A new study finds the pandemic has forced a significantly higher number of women than men out of the labor market.

According to Andy Challenger, the vice president of global outplacement at the executive and business coaching firm Challenger Gray & Christmas, the number of Garden State women who have left their jobs since the start of the health emergency is 20% higher than their male counterparts.

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“In New Jersey, the unemployment rate for women is 10.8% compared to 8.6% for men, and that’s a really dramatic difference that’s going to have ramifications for years to come," he said.

He noted the reason why women have been leaving the workforce in much greater numbers is because of concern about their kids.

“COVID-19 has really created a crisis for families trying to figure out ways to take care of their children while schools and daycare centers have been closed,” he said. “A survey in September in New Jersey found that 1 in 10 families were making the choice to have one of the parents stay at home during this period.”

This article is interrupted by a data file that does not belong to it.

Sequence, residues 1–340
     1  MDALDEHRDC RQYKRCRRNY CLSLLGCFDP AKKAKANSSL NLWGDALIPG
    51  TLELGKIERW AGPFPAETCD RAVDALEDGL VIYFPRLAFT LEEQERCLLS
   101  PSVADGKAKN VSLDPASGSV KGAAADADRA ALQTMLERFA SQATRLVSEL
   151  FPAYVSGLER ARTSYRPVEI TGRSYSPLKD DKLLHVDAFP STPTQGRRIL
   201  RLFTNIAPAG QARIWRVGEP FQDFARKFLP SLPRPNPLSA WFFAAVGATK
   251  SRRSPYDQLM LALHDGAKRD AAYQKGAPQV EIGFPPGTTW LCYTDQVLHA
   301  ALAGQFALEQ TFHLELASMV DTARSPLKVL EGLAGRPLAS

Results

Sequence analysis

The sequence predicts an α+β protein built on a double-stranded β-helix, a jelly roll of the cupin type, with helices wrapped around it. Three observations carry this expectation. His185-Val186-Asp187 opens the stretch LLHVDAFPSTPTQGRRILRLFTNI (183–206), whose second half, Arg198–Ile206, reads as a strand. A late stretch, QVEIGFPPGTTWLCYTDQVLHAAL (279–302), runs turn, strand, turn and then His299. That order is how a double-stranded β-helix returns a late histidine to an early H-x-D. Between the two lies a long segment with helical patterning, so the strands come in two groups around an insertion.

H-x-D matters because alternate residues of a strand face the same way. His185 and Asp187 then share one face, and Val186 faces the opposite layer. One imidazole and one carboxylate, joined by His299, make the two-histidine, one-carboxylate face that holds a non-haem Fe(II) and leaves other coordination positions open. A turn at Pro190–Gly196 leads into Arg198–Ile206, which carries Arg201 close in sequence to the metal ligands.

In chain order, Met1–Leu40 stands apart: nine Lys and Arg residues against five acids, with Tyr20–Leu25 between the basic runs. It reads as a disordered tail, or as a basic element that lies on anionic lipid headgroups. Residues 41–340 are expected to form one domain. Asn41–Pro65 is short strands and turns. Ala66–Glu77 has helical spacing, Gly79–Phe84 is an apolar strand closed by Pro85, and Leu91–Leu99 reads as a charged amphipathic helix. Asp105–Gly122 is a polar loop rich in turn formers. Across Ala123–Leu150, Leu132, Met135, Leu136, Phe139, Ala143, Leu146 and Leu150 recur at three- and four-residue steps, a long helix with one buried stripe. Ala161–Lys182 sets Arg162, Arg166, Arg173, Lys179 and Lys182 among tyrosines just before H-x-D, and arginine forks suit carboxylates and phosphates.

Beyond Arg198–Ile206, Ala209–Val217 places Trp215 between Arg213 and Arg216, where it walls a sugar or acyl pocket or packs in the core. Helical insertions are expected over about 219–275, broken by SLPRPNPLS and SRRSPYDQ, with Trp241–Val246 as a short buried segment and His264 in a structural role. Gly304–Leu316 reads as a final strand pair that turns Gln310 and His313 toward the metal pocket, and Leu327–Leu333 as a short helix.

The survey, done by the Newark-based Nicholson Foundation in conjunction with Fairleigh Dickinson University, found women with young children were 6 times more likely to quit work and watch the kids than men.

Challenger said this uneven representation will have a significant negative impact on the business landscape because having women in leadership positions in companies “is good business, it makes companies more agile, it makes them able to deal with a larger number of issues.”

He said proactive steps will be needed to fix the problem.

“I think you’re going to see smart companies move around elements of their compensation packages, particularly around benefits to include more childcare services," he said. “What companies need to do for the immediate term is start to just be really flexible around hours.”

You can contact reporter David Matthau at David.Matthau@townsquaremedia.com

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